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Science Information Literacy Tutorials and Pedagogy


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This presentation followed by discussion was delivered on wed Wed 7th Sep 2011, during the Journal Club meeting at the infolit iSchool, the virtual space of the University of Sheffield in the UK

Published in: Education, Technology

Science Information Literacy Tutorials and Pedagogy

  1. 1. Loreena Sandalwood a.k.a. Eleni Zazani Infolit ischool, Wed 7th Sep 2011 ScienceInformation LiteracyTutorials and Pedagogy
  2. 2. Today we discuss: Science Information Literacy Tutorials and Pedagogy. Evidence Based Library and Information Practice, North America, 6, jun. 2011. Available at:< /EBLIP/article/view/9480/8128>
  3. 3. This article examines ... ALA/ACRL/STS (Science & Technology ACRL IL Standards Section) Task Force on IL for Science & Technology Pedagogical Elements Science Tutorials 31 tutorials examined
  4. 4. ACRL Standards addressed:Source: LI, P.. Science Information Literacy Tutorials and Pedagogy. Evidence Based Library and Information Practice, North America, 6,jun. 2011. Available at: <>. Date accessed: 04 Sep. 2011.
  5. 5. Good Pedagogical ElementsSource: LI, P.. Science Information Literacy Tutorials and Pedagogy. Evidence Based Library and Information Practice, NorthAmerica, 6, jun. 2011. Available at: <>. Dateaccessed: 04 Sep. 2011.
  6. 6. 1. Pedagogical Elements analysed Options for users to • Table of contents select their own paths • Menus through information • Internal navigation tools (e.g. Arrows, buttons, etc) • Logical progression of the tutorial Clearly presented • Page design elements (e.g. arrows, highlighting, small Information icons, variety of font sizes, etc.) • Quizzes at the end of tutorialActive learning Elements • Quizzes that require use of a separate browser • Integrated self-assessment questions Critical thinking • Request feedback
  7. 7. Best tutorial examined was...
  8. 8. Some conclusions• Tutorials examined focus on the I, II, III STS standards:• More work needs to be done re IV & V Standards (ethical, legal issues, lifelong learning process)• Designers have seen the importance of good pedagogy• The amount of Active Learning elements incorporated is not satisfactory
  9. 9. Some conclusions...(2) • A challenging point: Do online tutorials facilitate deep learningFurther Reading on UK online IL:Information Literacy Weblog: Online information literacy
  10. 10. The following slides incorporate theparticipants input from the discussion anonymously
  11. 11. Discussion...• Do you include any other pedagogical elements in your online tutorials?• Would you consider the usage of Accessibility elements good pedagogical practice?• Did you watch any tutorial recently that you loved and might want to share with us?
  12. 12. Critique – missing elementsParticipants felt that the“pedagogic” analysis wasn’tparticularly strong, meaningthat the elements examinedwere rather limited.On the other hand, Sundin, O.(2008)*proposes a differentapproach to analysingtutorials, where he looksmore at the underlyingpedagogic approach andlearning goals involved. *See reference in the “More reading” slides at the end
  13. 13. Critique – missing elementsIt was thought it wouldhave been very informativeif the article had followed asystematic review for eachtutorial, including asummary about how eachtutorial met each criterion
  14. 14. Critique – missing elementsThe article focused entirely onscience-related tutorials. It wasthought however that it missedto examine Instructionalstrategies which are combinedwith "Collections of tutorialsthat cover diverse topics orhave multiple instructionalpurposes“perhaps in this case tutorialsdid not qualify as beingprimarily "science" tutorials ifthey had many diverse topics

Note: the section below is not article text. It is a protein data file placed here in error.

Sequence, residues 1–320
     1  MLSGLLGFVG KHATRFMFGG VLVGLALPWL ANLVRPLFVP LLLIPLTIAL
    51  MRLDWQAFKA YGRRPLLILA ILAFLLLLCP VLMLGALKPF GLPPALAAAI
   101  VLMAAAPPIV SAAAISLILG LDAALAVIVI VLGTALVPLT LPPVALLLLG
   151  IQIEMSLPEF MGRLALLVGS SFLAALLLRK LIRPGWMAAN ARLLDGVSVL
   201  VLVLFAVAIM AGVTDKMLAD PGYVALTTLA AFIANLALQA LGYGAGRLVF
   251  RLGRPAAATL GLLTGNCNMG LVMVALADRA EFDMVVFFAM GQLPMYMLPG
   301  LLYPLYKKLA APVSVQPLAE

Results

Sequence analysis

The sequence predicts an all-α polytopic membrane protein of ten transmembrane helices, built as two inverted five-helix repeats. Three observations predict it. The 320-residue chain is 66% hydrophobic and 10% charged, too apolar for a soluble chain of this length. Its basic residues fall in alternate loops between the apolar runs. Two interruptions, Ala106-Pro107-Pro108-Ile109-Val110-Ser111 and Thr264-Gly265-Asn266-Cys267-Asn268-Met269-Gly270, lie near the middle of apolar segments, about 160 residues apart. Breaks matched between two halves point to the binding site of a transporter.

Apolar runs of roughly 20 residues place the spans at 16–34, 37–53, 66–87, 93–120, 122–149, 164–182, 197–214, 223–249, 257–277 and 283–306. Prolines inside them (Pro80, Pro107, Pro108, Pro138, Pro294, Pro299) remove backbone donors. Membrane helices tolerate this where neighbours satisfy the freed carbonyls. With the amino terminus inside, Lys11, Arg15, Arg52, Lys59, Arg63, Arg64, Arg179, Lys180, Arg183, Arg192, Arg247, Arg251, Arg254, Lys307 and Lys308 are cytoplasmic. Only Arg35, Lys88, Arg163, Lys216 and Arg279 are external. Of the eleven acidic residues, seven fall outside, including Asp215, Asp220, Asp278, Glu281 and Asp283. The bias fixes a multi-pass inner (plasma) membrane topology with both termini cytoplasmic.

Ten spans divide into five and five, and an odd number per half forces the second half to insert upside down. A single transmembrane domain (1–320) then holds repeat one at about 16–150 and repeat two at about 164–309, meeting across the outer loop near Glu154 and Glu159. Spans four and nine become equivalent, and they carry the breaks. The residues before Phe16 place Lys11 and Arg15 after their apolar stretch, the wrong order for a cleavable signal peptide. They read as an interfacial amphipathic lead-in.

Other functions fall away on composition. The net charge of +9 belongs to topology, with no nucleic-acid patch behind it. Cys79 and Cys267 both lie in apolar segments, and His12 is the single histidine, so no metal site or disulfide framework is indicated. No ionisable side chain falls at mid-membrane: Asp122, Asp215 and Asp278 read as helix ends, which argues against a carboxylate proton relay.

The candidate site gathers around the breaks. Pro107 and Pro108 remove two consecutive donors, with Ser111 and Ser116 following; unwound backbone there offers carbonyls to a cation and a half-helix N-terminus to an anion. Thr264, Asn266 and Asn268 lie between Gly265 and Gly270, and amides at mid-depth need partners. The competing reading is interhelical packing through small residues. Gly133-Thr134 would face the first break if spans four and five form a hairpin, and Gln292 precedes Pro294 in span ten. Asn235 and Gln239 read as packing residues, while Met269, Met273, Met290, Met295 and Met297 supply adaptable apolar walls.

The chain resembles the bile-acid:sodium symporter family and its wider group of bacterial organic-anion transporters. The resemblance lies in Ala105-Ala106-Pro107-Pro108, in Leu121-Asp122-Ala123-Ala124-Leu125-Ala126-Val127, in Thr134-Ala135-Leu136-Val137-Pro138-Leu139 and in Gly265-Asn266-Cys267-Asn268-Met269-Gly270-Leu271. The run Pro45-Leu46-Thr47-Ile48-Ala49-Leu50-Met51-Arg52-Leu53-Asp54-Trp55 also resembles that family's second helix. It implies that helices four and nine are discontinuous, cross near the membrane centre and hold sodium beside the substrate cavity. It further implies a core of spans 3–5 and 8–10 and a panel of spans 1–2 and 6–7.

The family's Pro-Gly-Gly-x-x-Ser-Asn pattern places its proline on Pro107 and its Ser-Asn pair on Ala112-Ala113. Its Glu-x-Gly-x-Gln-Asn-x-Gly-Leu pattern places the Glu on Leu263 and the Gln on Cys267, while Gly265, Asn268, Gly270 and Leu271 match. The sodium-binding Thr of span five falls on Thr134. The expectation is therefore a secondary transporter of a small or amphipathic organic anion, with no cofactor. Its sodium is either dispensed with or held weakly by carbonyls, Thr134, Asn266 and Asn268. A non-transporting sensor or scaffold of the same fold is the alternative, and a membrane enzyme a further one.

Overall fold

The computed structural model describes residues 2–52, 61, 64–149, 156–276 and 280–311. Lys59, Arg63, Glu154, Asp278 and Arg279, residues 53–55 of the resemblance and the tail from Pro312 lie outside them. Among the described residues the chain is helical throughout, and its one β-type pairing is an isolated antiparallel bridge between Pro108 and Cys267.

15. 15. Critique – missing elementsParticipants also felt that thestudent perspective wasmissing from this analysis.A good example-tutorial whichincorporates interactive learningelements is LILOLearning Information Literacy Online
  16. 16. Student Interaction in LILO Students are presented with sample model answers, but their own answers are assignment and research topic specific, so their responses are original. They compare their responses to the model-answers and fill out a rubric indicating where they think their skill lies on the rubric scale. The same rubrics can be used for self-assessment by the instructor or librarian as well.
  17. 17. LILO explained... • a short video • It was also added to the PRIMO database as one of the best tutorials. • LILO is linked to coursework and hence is intrinsically motivating • LILO was based on LOBO model
  18. 18. LILO on PRIMO Source: Primo Database: public/search.cfm Best Tutorial
  19. 19. What PRIMO is?Peer Reviewed Instructional Materials Online
  20. 20. The PRIMO committee • evaluates nominated examples of good online- instruction. • The committee solicits 2/year for nominations. • Then, the committee reviews each viable nomination according to the criteria. • Those that meet the criteria best are added to the database (and sometimes profiled in a "Site of the Month" interview) Check the site of the Month!PRIMO Selection Criteria
  21. 21. The PRIMO wiki page lists Standards addressed by the various tutorials Visit the Wiki page
  22. 22. LOBO -Library Online Basic Orientation LOBO PRIMO tutorial Mapped to ACRL standards with instruction in modules Helps students make progress in their research It has the usual modules, but what is new is no “canned” answers and it is really a productivity tutorial Lobo was a PRIMO Site of the Month tutorial
  23. 23. More about LOBOStudents love theguidance in LILO orLOBO... there is anassignment calculator thattells them when each stepshould start and ideallyfinishBUT it takes a ton of workto get classroominstructors to followthrough.
  24. 24. Discussion points...“Active learning” is not acriterion in PRIMOTutorials with “canned”answers, e.g. testing tutorials,have limited interactivityLibrarians are more used todoing demonstrations - thus,easy to incorporate Standard 2,into the tutorials (AcquiringInformation effectively &efficiently)Many tutorials are paperhandouts that have beentransformed into web pages....OOPS